River Flows Could be Worst Everby Dan Hansen, Staff Writer
The Spokesman Review, March 3, 2001
Low rivers won't get much help from snowpack, say forecasters
The outlook for Northwest rivers just keeps getting worse.
Late last month, hydrologists predicted that this would be the fourth-driest year on record, in terms of the amount of water flowing down the Snake and Columbia.
That dropped to second-driest in the forecast issued this week by the Northwest River Forecast Center. River flow at The Dalles Dam on the lower Columbia River is expected to be just 55 percent of normal.
Even that prediction may be overly rosy.
Federal hydrologist Don Laurine said this year will be the worst ever if precipitation doesn't return soon to normal -- something that doesn't seem likely.
Already, the rivers are carrying less water than in 1977, the only time snowpack was worse. That's because 2000 was drier than 1976.
It's bad news for people who play on Northwest lakes and rivers, particularly reservoirs such as Lake Roosevelt. They're already low and continuing to drop.
The prediction is bad news for salmon and irrigators. And it's bad news for anyone who uses electricity, since most of the Northwest's power is generated by dams.
Power managers note that the Northwest has grown considerably since 1977, so the demand for power has increased, as well. Wholesale energy prices are soaring this year, thanks to industry deregulation in California. Bonneville Power Administration officials have warned that they can't afford to buy power if the region's dams don't produce enough to meet demand.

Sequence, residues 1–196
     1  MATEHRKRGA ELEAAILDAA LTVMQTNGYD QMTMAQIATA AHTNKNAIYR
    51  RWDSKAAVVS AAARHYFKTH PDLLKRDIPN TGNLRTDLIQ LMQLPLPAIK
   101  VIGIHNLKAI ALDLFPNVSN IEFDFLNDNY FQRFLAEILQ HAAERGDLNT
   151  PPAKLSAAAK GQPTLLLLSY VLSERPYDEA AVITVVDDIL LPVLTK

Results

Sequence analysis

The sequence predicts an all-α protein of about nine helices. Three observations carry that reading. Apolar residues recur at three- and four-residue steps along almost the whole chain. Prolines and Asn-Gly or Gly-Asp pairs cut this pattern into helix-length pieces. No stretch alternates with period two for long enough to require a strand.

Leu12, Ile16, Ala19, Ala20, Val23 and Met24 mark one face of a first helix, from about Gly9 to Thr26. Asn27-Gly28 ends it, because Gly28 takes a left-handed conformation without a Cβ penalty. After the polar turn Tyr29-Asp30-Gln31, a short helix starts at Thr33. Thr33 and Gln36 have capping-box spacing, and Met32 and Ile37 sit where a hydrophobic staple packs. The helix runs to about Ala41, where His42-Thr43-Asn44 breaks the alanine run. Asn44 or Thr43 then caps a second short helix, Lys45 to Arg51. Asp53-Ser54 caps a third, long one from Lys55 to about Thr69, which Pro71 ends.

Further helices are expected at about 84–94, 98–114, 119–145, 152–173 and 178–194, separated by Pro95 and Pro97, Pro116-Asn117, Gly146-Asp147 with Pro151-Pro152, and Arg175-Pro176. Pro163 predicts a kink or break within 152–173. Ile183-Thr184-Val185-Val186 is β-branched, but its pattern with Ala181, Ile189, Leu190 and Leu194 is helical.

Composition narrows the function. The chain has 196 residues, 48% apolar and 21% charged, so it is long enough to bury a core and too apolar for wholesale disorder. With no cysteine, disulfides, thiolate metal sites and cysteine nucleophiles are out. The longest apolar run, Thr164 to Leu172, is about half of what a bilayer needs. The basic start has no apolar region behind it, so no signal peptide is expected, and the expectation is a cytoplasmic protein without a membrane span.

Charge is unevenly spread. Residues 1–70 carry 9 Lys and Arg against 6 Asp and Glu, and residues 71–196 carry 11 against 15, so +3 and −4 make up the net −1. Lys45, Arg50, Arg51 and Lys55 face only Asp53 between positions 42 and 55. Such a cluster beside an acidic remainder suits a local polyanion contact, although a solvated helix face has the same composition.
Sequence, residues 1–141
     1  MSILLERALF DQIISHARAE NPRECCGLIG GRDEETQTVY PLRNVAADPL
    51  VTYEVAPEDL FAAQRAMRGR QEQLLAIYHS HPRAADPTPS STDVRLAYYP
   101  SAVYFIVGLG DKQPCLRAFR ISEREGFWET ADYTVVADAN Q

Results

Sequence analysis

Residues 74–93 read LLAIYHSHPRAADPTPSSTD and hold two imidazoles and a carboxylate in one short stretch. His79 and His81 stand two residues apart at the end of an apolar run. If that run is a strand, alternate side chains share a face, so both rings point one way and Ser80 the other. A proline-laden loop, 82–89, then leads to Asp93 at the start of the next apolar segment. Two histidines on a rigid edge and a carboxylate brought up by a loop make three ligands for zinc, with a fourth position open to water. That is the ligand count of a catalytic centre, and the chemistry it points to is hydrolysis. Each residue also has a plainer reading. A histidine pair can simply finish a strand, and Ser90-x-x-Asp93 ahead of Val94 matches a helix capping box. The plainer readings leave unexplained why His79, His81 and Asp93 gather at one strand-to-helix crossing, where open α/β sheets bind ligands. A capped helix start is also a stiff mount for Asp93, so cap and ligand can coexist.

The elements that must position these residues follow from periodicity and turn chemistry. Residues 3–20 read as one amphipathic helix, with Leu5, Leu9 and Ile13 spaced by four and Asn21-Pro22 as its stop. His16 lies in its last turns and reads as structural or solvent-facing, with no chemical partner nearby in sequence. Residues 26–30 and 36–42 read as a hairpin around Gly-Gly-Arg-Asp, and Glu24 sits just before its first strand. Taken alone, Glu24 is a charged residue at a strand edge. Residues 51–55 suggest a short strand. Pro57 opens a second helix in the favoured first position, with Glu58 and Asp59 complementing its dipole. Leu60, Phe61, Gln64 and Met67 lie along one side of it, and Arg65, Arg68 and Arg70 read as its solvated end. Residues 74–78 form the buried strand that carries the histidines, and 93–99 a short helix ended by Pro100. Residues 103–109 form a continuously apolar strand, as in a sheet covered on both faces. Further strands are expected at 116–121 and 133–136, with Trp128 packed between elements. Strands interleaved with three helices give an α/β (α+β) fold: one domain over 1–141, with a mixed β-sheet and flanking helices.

Electricity prices have been so low in recent years that there's been little investment in new power generators or energy conservation efforts.
The gloomy news may seem unlikely to many Spokane residents. The city this week set a record for the most consecutive days with snow on the ground.
But it's the same snow that was here in November.
"The snowpack around the (Columbia River) basin is ranging from 50 to 60 percent of normal," said Jim Ruff, hydrologist for the National Marine Fisheries Service. "Around Spokane, it's 45 percent."
As a Northwesterner, Laurine said he's worried about the summer. But as a scientist, he's fascinated by the phenomenon of drought.
"It's almost like a flood," he said. "If you're a hydrologist, you get very exited about this stuff."
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